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Nahawand - Laurette Keyrouz
Nahawand Laurette Keyrouz (1926 – 27 November 2014)
Born in Lebanon in around 1926, Laurette Keyrouz lived her teenage years between an orphanage and her aunt’s house because her mother was unable to care for her and defied her remaining relatives to allow her to pursue a singing career.
Laurette faced many problems with her family, who completely rejected the idea of singing. They did not accept the subject until she fled the house and tried to commit suicide at the Raouche rock in Beirut. Luckily, a man she did not know prevented her from jumping and returned her to her family, asking them not to stop her from singing.
Thus, her uncle accompanied her into the radio station and waited with her to bring her home. Her family moved from Yahshosh to Beirut, where they met their neighbor Issa Al-Nahhas, who worked to secure the singers’ clothes at the Teatro Grand Theater. Laurette persuaded him to accompany her to sing even a small piece on the stage .
And so it was that Laurette Keyrouz infiltrated Lebanon Radio in 1938, at about 12 years of age. She changed her name so that her parents would not know her, because every time they heard her voice on the radio they beat her. The poet Rami Ghantous chose for her the name Nahawand following the scene with her voice, fearing that she would spend her night alone in the cellar.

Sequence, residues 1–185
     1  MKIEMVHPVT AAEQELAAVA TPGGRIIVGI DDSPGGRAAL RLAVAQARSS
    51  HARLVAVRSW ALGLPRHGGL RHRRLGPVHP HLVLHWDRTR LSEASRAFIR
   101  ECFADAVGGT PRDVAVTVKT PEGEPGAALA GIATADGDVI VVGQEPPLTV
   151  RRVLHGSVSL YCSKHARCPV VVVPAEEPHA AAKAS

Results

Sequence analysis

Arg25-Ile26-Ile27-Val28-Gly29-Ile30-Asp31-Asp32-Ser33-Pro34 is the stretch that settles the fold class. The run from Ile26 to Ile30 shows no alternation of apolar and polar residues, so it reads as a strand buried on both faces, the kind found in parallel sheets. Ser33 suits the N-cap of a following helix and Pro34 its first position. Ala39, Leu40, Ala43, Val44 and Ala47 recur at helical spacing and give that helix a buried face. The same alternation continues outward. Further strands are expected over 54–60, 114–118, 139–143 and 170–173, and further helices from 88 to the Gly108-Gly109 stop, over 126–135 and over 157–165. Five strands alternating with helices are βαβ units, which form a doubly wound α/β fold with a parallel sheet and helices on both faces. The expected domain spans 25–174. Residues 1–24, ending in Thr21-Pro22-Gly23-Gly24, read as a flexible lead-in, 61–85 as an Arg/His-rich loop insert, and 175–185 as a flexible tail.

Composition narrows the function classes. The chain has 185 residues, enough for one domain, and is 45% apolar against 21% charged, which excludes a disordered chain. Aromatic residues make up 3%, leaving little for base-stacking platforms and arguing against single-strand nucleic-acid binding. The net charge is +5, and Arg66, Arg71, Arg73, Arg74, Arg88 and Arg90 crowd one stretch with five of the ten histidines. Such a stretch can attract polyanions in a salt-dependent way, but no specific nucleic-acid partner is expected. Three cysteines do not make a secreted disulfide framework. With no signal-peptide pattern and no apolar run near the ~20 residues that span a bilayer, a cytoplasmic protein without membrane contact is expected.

For the first time in her life, Nahawand stood on this stage, one of the most important theatres of Beirut in the 1930s and 1940s, and embraced the most famous female singers in Lebanon. Megana sang in front of a crowd of musicians and composers who stood up for the beauty of her voice and her youth. It was followed by the first presentation of the composer Yusuf Saleh and her first song “I’m a bird”.
In the mid-1930s, Lebanese melodies took on a new form. Lebanese folk music developed after taking the words of the villagers of the mountain villages, especially the peasants, and produced a strong lyrical formula.
These melodies begin to develop in a contemporary form, beginning in the 1940s .This is clearly demonstrated in this song. The melody has a simple, slow rhythm, dominated by the sound of Nhawand, which is far removed from the solid mountain sounds. Although her voice fell into small loopholes, its sweetness and its harmony with the melody made the song a resounding success.
Nahawand was from a poor family, and it was painful for her heart to see her mother tormented in their small house. So she decided to make money from singing, and kill two birds with one stone.
She told her family that she was going to the neighbors’ house and then sneaked into the Tanios restaurant. There, she persuaded the restaurant manager with her voice, which he heard until he sent a boy to help him buy her used dresses at the restaurant theatre. Suad Mohammed and other artists who tried to climb the ladder of fame in the early 1940s were singing there.